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The Shock of the Old
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About the Author


David Edgerton is the Hans Rausing Professor at Imperial College, London, where he was the founding director of the Centre for the History of Science, Technology and Medicine.

Reviews


"Provocative, concise, and elegant..."The Shock of the Old" is a necessary reminder of just how important things are in our lives, and how important we are in the life of things."--The New Yorker


"Most histories of technology and considerations of the interaction of technology and society stress invention and innovation. Thus accounts of the 20th century typically progress from automobiles, airplanes, and radio through rockets, nuclear power, and computers to today's frontiers of information, biotechnology, and nanotechnology. In opposition to this future-focused approach, Edgerton offers a convincing case that we ought to pay far more attention to what people actually used and still use... fresh and accessible account..."--Science Magazine
"The Shock of the Old is a pathbreaking work...a bold and necessarily preliminary reconnaissance, in brief, in the direction of a comprehensively contextualized view of technology."--American Scientist
"The history of technology is often told as a history of key inventions: the electric light bulb, the motor car, nuclear weapons, and so on. The Shock of the Old is a lucid and completely convincing rebuttal of that received narrative.--Journal of American History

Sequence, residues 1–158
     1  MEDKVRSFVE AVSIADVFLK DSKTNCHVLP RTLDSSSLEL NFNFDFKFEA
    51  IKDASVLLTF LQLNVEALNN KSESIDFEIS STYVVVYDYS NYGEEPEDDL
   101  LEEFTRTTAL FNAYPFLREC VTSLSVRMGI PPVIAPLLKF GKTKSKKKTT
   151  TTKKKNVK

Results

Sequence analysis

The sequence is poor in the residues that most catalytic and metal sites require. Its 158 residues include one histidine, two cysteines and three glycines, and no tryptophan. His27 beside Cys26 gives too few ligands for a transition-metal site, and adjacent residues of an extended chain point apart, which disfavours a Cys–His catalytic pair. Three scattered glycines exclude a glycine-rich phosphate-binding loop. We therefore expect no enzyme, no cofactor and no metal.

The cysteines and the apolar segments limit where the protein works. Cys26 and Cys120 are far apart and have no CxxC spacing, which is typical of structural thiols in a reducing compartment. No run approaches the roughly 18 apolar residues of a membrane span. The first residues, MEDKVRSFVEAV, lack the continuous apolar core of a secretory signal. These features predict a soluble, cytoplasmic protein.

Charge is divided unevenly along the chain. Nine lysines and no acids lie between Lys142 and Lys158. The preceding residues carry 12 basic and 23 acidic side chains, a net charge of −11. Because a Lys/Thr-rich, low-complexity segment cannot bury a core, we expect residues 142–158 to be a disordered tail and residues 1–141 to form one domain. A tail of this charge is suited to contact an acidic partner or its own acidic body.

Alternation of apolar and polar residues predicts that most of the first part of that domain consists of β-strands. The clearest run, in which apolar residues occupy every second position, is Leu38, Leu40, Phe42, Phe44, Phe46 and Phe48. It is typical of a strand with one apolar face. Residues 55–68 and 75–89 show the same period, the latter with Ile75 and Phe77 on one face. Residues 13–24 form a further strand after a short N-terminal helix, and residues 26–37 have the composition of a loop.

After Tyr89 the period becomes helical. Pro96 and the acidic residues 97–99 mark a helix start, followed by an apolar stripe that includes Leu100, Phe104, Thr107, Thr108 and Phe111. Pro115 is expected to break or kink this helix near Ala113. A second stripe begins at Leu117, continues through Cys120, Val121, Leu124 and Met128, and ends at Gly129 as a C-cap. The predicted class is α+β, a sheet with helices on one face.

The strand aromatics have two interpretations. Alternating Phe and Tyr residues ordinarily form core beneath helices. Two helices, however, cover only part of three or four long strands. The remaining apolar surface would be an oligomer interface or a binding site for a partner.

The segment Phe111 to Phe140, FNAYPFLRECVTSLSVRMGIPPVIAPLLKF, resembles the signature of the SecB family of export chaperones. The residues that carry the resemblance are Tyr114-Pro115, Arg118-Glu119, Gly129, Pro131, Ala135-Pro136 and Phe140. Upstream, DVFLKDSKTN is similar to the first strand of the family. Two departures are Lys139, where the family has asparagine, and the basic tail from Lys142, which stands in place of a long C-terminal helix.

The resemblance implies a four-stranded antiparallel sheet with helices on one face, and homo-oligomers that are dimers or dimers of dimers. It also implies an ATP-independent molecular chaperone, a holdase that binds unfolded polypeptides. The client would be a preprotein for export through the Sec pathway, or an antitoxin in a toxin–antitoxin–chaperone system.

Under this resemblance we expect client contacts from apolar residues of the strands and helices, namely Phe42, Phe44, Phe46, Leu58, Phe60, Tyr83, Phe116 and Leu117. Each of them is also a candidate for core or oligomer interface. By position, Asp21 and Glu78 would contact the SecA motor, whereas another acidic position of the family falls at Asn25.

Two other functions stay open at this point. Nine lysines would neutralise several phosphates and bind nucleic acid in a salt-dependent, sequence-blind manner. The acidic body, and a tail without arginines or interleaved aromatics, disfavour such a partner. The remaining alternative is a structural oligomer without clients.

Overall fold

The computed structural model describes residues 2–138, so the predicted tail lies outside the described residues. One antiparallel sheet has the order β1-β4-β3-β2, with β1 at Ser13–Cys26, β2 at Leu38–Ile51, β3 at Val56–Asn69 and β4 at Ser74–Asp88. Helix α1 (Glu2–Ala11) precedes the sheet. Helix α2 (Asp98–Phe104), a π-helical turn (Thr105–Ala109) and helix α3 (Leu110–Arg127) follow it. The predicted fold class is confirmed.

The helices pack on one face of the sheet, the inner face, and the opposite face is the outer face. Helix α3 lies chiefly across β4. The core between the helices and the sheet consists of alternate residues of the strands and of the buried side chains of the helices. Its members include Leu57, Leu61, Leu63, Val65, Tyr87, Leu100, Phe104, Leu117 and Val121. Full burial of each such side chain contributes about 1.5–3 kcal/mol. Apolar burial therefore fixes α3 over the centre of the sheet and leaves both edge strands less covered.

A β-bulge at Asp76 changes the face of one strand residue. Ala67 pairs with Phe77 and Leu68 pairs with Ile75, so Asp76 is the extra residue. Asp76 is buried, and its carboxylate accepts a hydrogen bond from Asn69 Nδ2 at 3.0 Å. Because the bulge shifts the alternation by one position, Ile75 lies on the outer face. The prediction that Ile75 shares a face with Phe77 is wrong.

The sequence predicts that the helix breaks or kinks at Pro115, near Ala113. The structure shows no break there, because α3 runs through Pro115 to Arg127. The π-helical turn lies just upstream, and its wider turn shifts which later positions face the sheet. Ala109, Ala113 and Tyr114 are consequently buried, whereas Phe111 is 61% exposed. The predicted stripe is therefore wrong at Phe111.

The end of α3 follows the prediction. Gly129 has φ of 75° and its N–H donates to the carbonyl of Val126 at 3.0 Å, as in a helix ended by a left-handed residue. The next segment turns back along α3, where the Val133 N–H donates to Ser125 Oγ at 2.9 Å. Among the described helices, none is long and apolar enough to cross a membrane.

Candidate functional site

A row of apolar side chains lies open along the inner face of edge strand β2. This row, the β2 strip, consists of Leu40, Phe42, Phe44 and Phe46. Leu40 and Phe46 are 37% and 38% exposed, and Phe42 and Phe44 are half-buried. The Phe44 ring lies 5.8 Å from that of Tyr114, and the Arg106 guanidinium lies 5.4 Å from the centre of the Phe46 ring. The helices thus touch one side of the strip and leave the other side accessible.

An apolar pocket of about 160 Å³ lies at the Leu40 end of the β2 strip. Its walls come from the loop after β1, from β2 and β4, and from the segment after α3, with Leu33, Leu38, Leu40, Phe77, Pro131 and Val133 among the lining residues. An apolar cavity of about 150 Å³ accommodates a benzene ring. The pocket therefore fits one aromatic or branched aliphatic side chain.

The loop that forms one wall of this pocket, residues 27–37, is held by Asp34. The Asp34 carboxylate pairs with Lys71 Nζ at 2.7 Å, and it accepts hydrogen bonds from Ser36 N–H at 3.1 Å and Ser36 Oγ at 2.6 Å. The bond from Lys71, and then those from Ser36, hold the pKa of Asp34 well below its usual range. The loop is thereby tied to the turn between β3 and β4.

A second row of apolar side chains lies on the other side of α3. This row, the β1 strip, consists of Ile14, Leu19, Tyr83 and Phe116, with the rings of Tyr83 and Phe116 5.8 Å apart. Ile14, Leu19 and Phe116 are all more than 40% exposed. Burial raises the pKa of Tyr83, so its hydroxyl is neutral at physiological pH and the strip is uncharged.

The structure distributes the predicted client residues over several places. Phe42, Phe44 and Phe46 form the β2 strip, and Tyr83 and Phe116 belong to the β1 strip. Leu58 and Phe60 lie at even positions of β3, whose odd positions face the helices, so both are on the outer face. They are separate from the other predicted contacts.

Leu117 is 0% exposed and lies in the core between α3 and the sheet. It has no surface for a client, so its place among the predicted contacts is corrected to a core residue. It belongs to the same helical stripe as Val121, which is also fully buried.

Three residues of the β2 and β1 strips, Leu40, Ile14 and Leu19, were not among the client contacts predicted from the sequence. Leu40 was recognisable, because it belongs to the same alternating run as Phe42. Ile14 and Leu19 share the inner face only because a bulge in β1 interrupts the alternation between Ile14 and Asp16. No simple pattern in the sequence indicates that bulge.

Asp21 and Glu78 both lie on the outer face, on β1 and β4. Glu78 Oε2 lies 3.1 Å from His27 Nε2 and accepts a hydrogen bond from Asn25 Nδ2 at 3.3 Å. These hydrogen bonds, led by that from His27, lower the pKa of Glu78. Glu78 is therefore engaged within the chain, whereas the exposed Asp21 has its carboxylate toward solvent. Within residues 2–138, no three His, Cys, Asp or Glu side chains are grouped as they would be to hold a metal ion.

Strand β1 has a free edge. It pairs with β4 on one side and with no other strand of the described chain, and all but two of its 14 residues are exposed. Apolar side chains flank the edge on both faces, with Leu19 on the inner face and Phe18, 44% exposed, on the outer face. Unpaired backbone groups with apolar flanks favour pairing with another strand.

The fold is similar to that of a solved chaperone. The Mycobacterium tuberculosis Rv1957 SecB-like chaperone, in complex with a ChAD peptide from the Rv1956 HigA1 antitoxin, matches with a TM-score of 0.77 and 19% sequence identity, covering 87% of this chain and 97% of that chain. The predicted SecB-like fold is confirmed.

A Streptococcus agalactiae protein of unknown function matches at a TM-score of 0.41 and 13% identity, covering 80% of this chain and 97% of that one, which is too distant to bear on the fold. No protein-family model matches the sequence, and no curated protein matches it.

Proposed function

"David Edgerton's book has a provocative thesis that will stimulate considerable discussion. The Shock of the Old will surely appear on professorial reading lists for both undergraduate and graduate students, as well as attracting the interest of general readers."--Isis, The Journal of the Historyof Science Society
"This refreshing new book offers a wonderfully sobering antidote to the neotechnophilia that often characterizes our society. In his romp through 20th-century technology, Edgerton marvels not at the progression of new technologies but at the persistence of old ones and the ways in which they have shaped, and continue to shape, the fabric of our lives. He challenges the innovation-centered stories that have come to dominate rece


"Provocative, concise, and elegant..."The Shock of the Old" is a necessary reminder of just how important things are in our lives, and how important we are in the life of things."--The New Yorker
"Most histories of technology and considerations of the interaction of technology and society stress invention and innovation. Thus accounts of the 20th century typically progress from automobiles, airplanes, and radio through rockets, nuclear power, and computers to today's frontiers of information, biotechnology, and nanotechnology. In opposition to this future-focused approach, Edgerton offers a convincing case that we ought to pay far more attention to what people actually used and still use... fresh and accessible account..."--Science Magazine